So Prof Herrmann plucked the results out of the unpublished works of his rivals, and constructed hypothetical experiments around them, which of course were never carried out. As a powerful figure, he could get his sham paper published long before the work of his hapless competitor would complete its odyssey of reviews. Brilliant! For this flash of inspiration, he should have been awarded a Nobel prize.

And he might well have been, had the golden couple not fallen out. In 1996, Prof Herrmann got an even grander job in Ulm, and Dr Brach was ready to follow him as before. But later that year, Dr Brach's long hard work was finally rewarded with a professorship and the irresistible job offer from Lubeck.

Prof Herrmann, by Marion Brach's account, took his girlfriend's departure badly. She says he put all kinds of obstacles in her way, at one point even locking her out of her own computer. Finally, in desperation, he played the trump card: "If you leave I'll tell everybody about the experiments you faked." She was scared and upset, so she confided in a colleague, who promptly spilled the beans to the authorities.

An inquiry followed, discreet at first. Prof Herrmann said he had known nothing of the forgeries published under his name. Prof Brach retorted that not only had her boss known, he had ordered her to tinker with the evidence. Thus was constructed, for instance, the computerised image of a radiogram for a paper published in 1995 in the prestigious Journal of Experimental Medicine.

Forging experiments was only a minor pastime, however. Prof Herrmann's colleagues, no longer mesmerised by his air of invulnerability, have in recent weeks become aware of more sinister schemes. The whisper now is about alchemy of sorts: the science of turning power into money.

As one of the greatest members of the great and the good, it was Prof Herrmann's job to vet applications for grants submitted to the German Research Council. According to the commission of inquiry, Prof Herrmann stole the ideas of a Dutch scientist, turned down the application, and resubmitted the same research plan under his own name to a private foundation. That scam, allegedly one of several, made his empire DM260,000 (pounds 90,000) richer at a stroke.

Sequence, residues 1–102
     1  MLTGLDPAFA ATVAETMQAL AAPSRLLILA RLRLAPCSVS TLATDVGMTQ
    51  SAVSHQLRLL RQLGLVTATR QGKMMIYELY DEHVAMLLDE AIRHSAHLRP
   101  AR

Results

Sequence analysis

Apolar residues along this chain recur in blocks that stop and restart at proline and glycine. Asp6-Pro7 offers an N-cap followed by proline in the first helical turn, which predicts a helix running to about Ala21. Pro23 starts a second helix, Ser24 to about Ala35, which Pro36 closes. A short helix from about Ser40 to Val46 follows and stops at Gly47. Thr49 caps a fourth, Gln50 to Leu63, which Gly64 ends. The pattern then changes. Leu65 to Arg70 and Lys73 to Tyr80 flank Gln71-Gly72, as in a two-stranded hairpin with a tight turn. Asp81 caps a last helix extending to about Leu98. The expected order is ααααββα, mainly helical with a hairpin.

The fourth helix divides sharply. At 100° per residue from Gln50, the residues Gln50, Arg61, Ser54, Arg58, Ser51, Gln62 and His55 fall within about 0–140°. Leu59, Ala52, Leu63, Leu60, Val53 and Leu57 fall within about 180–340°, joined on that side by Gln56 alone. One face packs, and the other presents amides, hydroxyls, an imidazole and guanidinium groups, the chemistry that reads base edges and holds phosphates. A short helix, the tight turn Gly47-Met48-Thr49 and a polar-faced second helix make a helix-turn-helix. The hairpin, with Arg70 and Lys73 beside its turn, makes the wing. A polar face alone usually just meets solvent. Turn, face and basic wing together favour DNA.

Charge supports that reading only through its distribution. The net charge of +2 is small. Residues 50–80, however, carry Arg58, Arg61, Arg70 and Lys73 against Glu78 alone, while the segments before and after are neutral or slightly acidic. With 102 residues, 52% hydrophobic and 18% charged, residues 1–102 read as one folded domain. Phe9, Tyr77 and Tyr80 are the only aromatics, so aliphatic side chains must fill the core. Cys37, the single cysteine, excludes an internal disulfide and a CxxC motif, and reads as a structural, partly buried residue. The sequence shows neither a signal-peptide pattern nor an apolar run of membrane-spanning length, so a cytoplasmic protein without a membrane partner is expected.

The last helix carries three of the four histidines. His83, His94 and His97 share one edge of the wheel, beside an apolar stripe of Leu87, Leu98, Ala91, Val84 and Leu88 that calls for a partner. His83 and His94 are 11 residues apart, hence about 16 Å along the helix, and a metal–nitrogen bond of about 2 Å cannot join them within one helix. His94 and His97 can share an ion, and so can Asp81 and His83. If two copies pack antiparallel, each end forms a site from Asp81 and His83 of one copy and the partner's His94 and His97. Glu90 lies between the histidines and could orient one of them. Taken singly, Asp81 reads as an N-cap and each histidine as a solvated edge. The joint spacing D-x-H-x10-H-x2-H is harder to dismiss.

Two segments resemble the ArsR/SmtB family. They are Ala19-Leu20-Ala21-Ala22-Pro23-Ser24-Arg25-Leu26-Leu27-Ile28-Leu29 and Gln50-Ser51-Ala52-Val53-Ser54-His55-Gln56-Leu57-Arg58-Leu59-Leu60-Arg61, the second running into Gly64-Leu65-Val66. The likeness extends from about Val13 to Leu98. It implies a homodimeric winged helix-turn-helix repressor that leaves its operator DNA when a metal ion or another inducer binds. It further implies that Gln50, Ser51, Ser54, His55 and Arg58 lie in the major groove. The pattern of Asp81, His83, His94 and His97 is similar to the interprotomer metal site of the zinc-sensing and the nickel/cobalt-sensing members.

The scale of deception has stunned the closely-knit scientific community in Germany and abroad, provoking expressions of rage from normally mild- mannered scholars. "He's obviously a bastard," said one senior scientist.

None of what's coming - endless inquiries and possibly a trial - will enhance the already declining reputation of science in Germany. Research is run by self-selecting cliques in most countries, but nowhere is the hierarchy as rigid as in Germany. Professors at German universities are more powerful, harder to dislodge and less accountable than their British or American counterparts.

But the real fault, the Germans say, lies with the "publish-or-perish" ethos of the age, which infects researchers with verbal diarrhoea in the feverish race for scarce funds. The journals know that the vast majority of papers they publish serve only to adorn grant applications. They run unquestioningly the works of the big beasts of the jungle, thus enhancing the powerful, and keeping the powerless meek.

The biggest scandal of the Herrmann affair is that the fraud, much of it as transparent as a test-tube filled with water, could have been spotted by the pre-eminent scientific journals of the world. It never wasn